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Gerald Carlson

  • Professor, Associate Professor and Assistant Professor, North Carolina State University, 1969–2003; Visiting Scholar, University of Washington, 1976-77
  • AAEA committees: Outstanding MS Thesis, 1974-76; Outstanding PhD Dissertation, 1980-82; Published Research Awards, 1990-92; Publications of Enduring Quality (Chair), 1999-2001
  • Senior Associate Editor, American Journal. of Agricultural Economics, 1995-97
  • Member NRC Board on Agriculture committees - World Food and Nutrition Study 1972-75; Pesticide Resistance Management, 1982-84; Pesticide Regulation and Innovation, 1985-87; Economist on policy panels for OTA, EPA, CAST, CEQ, USDA and several international organizations, 1972-2002; National Pest Management committee member, Steering Committee for National Integrated Pest Management Project, 1974-78; economist leader, Consortium for Integrated Pest Management on Major Agricultural Systems, 1980-85; Book editor and program chairman, USDA-Land Grant College, Agricultural Resources Consortium, 1988-93; Economics leader, USDA Boll Weevil Eradication Task Force, 1977-85
  • Outstanding Journal Article, Journal of Agricultural and Applied Economics, 1995; AAEA Outstanding PhD Dissertation, 1969

Gerald Carlson has spent his career as a Professor of Agricultural and Resource Economics at North Carolina State University. He has made significant and enduring contributions in two areas: economic and multi-disciplinary research in the economics of pest management and as a mentor to graduate students and colleagues.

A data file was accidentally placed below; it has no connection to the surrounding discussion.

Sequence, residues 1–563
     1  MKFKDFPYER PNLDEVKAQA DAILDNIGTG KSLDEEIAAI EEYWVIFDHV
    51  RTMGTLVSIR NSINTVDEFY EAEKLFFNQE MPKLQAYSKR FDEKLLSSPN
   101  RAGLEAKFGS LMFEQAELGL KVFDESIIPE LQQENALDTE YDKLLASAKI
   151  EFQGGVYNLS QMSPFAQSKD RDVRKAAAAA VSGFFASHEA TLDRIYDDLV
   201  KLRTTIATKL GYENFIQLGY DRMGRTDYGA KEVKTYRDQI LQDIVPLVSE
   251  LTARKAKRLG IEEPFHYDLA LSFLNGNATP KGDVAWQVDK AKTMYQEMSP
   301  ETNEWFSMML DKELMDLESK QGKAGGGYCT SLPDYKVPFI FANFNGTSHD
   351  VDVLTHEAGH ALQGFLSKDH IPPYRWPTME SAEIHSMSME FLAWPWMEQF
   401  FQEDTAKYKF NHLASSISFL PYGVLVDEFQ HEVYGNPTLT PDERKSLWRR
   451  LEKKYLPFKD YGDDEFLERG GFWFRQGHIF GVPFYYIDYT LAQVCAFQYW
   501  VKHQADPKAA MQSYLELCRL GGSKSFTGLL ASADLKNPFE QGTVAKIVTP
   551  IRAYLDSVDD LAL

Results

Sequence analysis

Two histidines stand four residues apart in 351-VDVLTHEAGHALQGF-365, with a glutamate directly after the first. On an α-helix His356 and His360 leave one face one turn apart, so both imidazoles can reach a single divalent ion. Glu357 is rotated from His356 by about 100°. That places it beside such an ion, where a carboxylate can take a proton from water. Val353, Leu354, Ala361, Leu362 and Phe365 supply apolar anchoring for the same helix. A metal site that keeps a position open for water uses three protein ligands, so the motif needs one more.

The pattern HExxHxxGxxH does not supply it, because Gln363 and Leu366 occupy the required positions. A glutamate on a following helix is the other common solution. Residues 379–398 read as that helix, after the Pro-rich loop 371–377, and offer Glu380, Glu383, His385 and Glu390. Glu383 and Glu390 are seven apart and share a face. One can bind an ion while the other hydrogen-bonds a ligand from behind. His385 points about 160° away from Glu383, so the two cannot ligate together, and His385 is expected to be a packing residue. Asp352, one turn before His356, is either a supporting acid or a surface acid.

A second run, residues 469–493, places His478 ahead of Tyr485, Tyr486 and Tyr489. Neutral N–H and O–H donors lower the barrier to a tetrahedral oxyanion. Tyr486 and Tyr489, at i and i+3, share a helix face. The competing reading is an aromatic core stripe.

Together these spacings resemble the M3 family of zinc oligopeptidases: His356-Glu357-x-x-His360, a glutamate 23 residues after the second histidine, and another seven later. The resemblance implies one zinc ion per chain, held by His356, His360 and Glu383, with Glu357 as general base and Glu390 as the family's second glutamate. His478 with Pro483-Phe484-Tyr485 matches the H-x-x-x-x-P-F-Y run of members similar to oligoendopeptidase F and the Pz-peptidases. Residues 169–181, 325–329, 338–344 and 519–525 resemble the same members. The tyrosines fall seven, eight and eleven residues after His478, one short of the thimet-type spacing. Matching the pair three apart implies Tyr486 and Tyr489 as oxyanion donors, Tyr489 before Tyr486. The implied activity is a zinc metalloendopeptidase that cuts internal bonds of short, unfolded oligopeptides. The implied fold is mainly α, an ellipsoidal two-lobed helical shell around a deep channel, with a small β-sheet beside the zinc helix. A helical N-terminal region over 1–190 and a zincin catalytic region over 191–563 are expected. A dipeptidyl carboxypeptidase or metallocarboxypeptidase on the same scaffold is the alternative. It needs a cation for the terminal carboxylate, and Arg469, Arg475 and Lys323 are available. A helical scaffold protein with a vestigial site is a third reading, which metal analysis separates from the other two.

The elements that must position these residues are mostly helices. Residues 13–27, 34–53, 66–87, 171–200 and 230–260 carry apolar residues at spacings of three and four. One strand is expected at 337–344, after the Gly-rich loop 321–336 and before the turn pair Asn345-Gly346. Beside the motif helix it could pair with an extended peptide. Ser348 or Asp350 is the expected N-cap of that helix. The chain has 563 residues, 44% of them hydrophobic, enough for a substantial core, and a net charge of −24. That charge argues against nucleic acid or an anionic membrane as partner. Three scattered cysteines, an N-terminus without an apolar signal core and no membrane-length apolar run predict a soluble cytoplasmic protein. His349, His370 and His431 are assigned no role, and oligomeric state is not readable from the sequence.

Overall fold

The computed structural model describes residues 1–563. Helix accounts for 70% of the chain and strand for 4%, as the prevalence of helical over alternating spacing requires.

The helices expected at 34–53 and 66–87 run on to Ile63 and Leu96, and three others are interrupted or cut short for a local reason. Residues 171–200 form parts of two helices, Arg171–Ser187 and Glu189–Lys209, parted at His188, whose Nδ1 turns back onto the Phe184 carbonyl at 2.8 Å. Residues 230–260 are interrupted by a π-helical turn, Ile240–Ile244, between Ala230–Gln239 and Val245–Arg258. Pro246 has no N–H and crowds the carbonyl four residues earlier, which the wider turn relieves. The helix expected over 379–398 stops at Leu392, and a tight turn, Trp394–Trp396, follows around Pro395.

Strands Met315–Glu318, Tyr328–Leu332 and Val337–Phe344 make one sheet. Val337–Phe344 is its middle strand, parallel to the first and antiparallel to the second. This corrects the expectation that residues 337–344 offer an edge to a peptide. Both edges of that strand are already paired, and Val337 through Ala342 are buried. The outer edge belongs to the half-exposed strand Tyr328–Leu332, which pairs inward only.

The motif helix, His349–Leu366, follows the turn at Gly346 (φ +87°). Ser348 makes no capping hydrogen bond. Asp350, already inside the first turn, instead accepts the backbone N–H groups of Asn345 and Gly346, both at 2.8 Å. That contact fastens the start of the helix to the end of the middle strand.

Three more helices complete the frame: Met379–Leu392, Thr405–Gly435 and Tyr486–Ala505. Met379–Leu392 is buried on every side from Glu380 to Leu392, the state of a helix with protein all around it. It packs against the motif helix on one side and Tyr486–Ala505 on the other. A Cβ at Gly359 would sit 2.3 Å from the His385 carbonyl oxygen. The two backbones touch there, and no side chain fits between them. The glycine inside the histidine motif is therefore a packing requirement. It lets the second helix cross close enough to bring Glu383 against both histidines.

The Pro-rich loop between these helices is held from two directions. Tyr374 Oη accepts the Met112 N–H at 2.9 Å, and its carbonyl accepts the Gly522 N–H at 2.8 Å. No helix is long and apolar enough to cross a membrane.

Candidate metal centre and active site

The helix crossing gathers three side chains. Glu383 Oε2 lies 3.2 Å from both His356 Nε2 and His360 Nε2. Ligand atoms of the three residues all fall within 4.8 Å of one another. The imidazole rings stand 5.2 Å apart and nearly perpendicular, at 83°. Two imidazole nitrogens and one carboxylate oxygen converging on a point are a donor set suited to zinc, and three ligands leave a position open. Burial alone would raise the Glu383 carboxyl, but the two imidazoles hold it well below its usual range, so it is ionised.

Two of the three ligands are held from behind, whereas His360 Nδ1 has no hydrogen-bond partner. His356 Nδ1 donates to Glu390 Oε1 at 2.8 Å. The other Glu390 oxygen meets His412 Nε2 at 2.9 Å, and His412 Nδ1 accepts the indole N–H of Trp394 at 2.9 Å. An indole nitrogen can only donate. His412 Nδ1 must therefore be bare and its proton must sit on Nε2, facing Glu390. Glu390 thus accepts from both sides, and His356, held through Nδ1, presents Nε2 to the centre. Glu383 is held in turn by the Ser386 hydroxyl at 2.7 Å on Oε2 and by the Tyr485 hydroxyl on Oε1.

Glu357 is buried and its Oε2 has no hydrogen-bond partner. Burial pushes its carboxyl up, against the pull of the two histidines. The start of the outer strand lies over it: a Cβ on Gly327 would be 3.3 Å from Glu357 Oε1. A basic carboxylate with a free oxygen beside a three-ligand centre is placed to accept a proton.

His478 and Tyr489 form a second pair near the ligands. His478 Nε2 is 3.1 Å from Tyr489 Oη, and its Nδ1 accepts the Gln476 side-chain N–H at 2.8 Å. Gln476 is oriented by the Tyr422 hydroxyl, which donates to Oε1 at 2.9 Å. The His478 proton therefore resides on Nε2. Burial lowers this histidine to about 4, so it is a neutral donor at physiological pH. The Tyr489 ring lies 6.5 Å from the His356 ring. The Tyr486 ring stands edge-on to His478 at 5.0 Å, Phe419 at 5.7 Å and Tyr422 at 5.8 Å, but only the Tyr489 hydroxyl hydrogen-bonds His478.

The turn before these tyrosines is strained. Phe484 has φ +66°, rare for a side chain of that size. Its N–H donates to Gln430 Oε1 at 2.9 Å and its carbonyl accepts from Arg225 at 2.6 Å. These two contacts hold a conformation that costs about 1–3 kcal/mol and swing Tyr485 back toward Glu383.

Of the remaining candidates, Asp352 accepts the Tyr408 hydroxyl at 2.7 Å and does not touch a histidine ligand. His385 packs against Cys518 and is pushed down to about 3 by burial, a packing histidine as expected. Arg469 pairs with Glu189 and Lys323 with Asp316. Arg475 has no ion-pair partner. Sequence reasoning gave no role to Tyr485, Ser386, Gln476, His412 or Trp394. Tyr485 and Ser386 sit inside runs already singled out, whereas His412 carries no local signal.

Jerry initiated the field of pest management economics with his award-winning Ph. D. dissertation and a 1970 AJAE journal article. He encouraged the interest of biologists by serving as an economist on national pest management research committees, making presentations to crop protection conferences and preparing numerous publications for pest control journals and books. His willingness to bring biological science into practical economic studies has won wide support and additional research funds for agricultural economists. His area-wide research has contributed to improved cotton profitability following boll weevil eradication, scouting improvements and biotechnology introductions. His work has supported individual farmer and group decisions that account for risk and environmental quality.

By directing graduate students, collaborating with junior faculty, and participating in regional, international and departmental workshops, he has encouraged productive research in agricultural economics and pest management disciplines. Many of his students are now productive researchers, teachers, university administrators or business leaders.